For many of us this is a sad day. Those of us who know our history in California, steeped as it is in the encounter of our Indigenous ancestors as well as our Spanish ancestors, the role of Serra is not well looked upon. I recall writing a letter to then-Archbishop John R. Quinn, when Serra's sainthood was being discussed. I wrote expressing my shock considering the unsavory history of the mission system. Abp Quinn suggested that I express my concerns to the deacon handling this. The deacon, I will point out was not Spanish-surnamed. I must wonder if anybody explained how many Californians, many of us Mestizo -- proudly so -- feel about Serra possibly being lauded and made a saint in light of the dark history. There are certainly individuals who are actually worthy, such as Fr. Kino, and even before that Bartolome de las Casas. But the group pushing Serra's sainthood obviously was deaf and blind to the ugly history of Serra and his role in creating a corrupt mission system. As Catholics and indigenous people of California we have learned to accept the 'good, but bad and the ugly' but not without critique. We must learn from the good as well as the bad, even from the ugly. But I shake my head at this egregious act by people who are on the other side of the world. This is so wrong.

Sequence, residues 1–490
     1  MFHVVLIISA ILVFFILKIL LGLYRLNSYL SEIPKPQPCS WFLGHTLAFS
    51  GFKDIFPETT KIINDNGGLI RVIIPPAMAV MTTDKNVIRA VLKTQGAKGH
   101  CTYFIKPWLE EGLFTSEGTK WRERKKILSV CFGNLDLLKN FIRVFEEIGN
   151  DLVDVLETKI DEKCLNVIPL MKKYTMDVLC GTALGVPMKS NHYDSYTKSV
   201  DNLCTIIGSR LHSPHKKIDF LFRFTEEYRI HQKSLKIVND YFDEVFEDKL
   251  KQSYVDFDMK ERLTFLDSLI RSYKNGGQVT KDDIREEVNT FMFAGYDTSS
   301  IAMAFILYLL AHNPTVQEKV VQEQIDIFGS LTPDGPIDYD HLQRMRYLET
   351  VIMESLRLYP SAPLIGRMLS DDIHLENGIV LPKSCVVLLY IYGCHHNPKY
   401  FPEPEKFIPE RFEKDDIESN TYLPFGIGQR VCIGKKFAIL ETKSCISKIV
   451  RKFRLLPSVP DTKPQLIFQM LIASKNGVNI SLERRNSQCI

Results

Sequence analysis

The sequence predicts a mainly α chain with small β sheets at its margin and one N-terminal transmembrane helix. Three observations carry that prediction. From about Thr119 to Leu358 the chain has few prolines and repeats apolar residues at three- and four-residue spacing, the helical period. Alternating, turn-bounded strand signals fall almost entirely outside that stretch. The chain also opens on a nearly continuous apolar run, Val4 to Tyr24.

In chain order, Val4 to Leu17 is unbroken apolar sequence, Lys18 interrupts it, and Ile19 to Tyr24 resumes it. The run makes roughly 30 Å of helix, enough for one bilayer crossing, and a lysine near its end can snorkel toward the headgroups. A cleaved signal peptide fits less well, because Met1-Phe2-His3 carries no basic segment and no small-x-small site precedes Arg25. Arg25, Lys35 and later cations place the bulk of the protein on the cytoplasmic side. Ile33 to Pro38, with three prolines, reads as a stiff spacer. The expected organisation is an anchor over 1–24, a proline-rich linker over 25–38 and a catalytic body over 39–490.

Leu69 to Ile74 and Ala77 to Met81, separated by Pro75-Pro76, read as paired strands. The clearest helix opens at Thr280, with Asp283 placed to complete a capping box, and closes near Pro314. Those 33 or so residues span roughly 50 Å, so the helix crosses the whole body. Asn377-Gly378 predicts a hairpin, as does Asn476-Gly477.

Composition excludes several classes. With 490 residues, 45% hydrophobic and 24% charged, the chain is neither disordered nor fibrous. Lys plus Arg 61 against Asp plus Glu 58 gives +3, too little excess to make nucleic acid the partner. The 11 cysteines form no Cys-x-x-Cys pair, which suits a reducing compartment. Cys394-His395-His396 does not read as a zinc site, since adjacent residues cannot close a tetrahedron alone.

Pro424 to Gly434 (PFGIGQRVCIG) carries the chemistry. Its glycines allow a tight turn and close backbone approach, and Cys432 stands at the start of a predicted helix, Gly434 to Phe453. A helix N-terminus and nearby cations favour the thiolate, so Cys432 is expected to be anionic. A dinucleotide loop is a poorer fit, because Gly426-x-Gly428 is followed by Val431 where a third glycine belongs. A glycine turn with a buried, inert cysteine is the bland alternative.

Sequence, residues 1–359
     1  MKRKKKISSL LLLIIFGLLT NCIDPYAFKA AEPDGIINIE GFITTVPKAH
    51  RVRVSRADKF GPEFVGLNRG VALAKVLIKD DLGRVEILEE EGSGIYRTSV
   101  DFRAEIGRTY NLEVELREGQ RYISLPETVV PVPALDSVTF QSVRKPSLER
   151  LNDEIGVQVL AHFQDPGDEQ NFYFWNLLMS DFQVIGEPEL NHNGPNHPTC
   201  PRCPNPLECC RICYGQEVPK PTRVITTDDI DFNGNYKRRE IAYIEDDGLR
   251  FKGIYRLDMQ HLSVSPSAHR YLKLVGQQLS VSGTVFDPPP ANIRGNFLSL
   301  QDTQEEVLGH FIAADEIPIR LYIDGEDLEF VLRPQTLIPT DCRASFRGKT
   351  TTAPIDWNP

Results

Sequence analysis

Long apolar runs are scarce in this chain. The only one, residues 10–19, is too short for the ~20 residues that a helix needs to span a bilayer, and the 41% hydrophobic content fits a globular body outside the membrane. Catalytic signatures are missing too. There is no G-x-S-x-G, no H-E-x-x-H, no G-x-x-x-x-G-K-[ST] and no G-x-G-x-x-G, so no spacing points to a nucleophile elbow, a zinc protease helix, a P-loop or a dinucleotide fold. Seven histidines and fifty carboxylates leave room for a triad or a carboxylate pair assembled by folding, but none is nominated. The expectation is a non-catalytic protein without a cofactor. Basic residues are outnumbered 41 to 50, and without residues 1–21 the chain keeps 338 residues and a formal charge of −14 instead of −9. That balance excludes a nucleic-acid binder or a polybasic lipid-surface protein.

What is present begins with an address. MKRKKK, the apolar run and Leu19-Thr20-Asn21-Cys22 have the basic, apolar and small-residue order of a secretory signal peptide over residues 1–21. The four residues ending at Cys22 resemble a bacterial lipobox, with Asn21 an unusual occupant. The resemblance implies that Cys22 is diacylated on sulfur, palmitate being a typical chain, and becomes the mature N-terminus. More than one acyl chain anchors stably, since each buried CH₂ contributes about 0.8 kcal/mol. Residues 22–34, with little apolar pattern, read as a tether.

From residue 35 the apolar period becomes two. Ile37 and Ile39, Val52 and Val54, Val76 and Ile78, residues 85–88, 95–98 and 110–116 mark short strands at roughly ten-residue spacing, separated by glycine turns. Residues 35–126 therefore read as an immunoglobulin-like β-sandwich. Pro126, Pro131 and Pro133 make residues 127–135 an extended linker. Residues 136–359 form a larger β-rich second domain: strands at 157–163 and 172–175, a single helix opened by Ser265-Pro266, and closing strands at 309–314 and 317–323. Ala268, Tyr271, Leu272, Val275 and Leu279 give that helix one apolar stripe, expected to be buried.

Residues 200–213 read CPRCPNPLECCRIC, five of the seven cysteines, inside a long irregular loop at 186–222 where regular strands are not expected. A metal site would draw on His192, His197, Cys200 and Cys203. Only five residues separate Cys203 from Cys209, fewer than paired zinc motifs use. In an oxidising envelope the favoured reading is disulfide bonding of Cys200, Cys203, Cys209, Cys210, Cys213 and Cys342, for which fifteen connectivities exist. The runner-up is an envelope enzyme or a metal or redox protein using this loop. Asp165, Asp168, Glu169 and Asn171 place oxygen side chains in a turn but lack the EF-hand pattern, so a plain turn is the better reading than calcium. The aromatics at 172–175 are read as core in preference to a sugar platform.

John Arthur
3 years 5 months ago
Tectonic level forces were taking place in what would eventually become California, the major clash being the collision of a highly developed pre-industrial society with a subsistence culture. Disease and exploitation exacted a terrible toll on the native population, and is a painful chapter of history. By and large, though, native americans abandoned their villages and rancherias voluntarily. Remember, too, that rarely were there more than one or two Franciscans at any given mission. The native americans, more than any european, built the missions which thrived because of their efforts. With notable exceptions, theirs was a peaceable existence. Had the mission system been allowed to work as designed it might even have helped the native population attain the skills necessary to survive the conflict. Subsequent secularization of the missions and the deprivations of the gold rush era were greater sources of devastation for the native population than the mission system. The Franciscans in Alta California and the Jesuits in Baja California were in the end unable to ameliorate this collision of cultures. Is Serra a saint? His energy and passion for the native population is admirable and awe-inspiring. In the end, though, I believe Serra's sainthood, like the remnants of the missions, is a testament to the native americans who made it possible.
Bill Mazzella
3 years 5 months ago
What a insult to a great native people who had their language, their customs and their way of life taken away from them. The colonizer becomes a saint. But where is the native saint. Maybe this is why serra was not made a saint in all this time. Someone should have given the pope more information. The means do not justify the ends. To say that we brought them culture and the gospel is to cover up the invasion that happened. The evangelization of the New World is not Christianity's finest hour.